CANNES, France – Mike Tyson considers it a miracle that he lived to tell his tale. And he's telling it — in graphic detail — in a new documentary at the Cannes Film Festival.
"I lived a wild and extreme life," the former heavyweight champion told reporters Saturday. "I used drugs. I had altercations with dangerous people. I slept with guys' wives that wanted to kill me. I'm just happy to be here, you know. It's just a miracle."
The 41-year-old former boxer got a prolonged ovation at the Cannes screening for "Tyson," directed by his old friend James Toback ("Fingers").
In the movie, which blends old video footage and TV interviews, Tyson talks about getting beaten up and stolen from when he was an overweight kid. He chokes up when reminiscing about his late trainer, Cus D'Amato, who transformed the troubled teenager into a world-class champion.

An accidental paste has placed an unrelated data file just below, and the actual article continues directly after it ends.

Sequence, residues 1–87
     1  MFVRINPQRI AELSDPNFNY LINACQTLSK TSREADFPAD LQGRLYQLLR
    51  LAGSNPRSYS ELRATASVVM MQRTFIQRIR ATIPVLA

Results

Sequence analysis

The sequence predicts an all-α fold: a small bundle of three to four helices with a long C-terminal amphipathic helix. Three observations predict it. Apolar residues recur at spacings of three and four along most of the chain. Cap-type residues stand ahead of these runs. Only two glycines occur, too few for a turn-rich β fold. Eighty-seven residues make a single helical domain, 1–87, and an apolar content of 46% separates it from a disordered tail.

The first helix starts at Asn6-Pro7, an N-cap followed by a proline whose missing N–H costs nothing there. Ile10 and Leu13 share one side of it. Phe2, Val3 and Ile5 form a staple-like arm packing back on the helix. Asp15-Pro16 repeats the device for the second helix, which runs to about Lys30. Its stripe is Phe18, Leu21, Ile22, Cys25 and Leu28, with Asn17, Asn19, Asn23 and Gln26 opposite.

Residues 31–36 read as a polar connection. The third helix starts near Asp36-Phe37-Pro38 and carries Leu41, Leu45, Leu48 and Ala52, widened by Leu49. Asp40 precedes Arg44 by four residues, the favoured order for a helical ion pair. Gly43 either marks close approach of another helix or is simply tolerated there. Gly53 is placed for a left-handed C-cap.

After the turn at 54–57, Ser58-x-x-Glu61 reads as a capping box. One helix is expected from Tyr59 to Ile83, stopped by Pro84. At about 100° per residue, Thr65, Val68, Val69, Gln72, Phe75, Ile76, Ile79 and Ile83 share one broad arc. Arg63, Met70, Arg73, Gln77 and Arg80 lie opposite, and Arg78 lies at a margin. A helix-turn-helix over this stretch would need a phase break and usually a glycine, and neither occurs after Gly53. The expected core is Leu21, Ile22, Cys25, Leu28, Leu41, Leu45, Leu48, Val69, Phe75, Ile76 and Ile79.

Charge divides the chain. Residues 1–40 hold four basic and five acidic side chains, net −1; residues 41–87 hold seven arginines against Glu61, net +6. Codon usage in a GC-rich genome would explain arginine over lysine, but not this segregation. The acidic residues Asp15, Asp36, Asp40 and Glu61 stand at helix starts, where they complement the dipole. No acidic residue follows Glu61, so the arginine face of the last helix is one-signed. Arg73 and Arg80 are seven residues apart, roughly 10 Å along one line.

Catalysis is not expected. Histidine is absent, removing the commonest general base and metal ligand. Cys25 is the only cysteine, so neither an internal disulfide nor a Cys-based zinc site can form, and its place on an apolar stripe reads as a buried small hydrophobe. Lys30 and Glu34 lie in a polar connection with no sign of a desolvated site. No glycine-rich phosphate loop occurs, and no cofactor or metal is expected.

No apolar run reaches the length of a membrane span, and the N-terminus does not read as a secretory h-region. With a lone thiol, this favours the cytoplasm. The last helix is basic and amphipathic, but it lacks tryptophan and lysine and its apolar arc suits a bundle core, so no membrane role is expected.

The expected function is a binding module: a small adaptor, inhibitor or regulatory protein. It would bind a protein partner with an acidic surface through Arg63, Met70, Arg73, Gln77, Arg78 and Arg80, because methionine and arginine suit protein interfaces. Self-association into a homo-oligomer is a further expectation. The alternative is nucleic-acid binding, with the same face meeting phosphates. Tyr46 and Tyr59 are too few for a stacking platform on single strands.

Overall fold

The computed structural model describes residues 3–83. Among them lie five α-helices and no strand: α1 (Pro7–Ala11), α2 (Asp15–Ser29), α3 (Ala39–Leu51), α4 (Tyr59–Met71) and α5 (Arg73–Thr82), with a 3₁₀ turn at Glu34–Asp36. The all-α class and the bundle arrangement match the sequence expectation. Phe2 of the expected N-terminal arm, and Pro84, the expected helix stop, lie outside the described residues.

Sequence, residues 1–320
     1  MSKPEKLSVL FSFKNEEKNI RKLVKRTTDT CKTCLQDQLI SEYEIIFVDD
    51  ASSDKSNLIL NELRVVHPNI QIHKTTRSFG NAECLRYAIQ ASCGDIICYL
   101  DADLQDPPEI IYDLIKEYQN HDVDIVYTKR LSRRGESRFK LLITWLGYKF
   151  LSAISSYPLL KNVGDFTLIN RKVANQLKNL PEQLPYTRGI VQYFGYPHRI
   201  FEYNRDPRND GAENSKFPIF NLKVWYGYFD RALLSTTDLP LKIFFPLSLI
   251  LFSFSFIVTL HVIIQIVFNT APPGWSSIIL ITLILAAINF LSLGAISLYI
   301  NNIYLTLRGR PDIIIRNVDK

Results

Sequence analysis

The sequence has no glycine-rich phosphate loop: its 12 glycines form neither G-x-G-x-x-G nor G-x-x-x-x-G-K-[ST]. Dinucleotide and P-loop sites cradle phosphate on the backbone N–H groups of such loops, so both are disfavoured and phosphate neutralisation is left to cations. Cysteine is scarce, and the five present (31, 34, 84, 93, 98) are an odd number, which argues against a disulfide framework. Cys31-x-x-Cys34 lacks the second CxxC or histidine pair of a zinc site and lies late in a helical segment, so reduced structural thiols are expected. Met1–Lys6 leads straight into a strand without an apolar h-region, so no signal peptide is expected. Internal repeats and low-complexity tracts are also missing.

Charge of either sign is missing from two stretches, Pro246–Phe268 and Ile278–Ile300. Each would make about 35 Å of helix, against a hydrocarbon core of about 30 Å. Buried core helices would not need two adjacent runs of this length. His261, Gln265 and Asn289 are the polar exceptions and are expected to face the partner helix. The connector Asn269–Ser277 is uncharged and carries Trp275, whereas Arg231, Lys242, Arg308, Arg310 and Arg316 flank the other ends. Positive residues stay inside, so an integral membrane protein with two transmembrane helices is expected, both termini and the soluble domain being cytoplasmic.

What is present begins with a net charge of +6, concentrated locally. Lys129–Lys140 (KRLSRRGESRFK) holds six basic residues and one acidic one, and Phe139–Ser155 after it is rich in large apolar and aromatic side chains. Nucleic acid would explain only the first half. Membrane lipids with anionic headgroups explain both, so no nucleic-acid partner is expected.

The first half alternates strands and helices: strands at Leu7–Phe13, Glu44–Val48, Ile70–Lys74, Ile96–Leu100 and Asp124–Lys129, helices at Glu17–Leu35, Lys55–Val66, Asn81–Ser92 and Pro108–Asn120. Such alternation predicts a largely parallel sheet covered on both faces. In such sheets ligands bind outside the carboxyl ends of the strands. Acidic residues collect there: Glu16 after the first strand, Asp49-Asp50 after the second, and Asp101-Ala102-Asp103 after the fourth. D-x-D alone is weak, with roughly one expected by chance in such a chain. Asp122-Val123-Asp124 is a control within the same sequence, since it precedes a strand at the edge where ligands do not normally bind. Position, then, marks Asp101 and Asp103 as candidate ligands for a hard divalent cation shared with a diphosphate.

Tyson spares no details in describing his sex life, and covers his career's low points, like biting Evander Holyfield's ear in 1997. He admits to many, many bad decisions.
But on one issue, he still refuses to take responsibility. He insists he is innocent of the 1991 rape of an 18-year-old beauty queen for which he served three years in prison.
"I've been abusive to women before in my life," he acknowledged. But in this case, "I thought (the conviction) was wrong, I thought it was unfair."
Toback, who has known Tyson for 23 years and gave him small parts in "Black and White" and "When Will I Be Loved," said he talked to Tyson in a soothing, hypnotic voice to get him to open up for the film.